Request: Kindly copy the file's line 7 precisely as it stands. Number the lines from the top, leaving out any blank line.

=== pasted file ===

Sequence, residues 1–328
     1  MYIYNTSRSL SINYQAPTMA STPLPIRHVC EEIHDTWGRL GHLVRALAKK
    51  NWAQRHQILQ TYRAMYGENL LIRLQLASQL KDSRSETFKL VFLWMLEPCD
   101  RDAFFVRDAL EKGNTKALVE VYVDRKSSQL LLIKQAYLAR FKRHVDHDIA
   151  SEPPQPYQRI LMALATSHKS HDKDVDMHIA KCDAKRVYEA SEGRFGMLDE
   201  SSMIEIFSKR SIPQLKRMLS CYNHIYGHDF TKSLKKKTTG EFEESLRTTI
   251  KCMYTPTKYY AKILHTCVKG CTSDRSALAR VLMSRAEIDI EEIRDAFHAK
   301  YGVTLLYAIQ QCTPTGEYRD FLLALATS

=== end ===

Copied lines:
   251  KCMYTPTKYY AKILHTCVKG CTSDRSALAR VLMSRAEIDI EEIRDAFHAK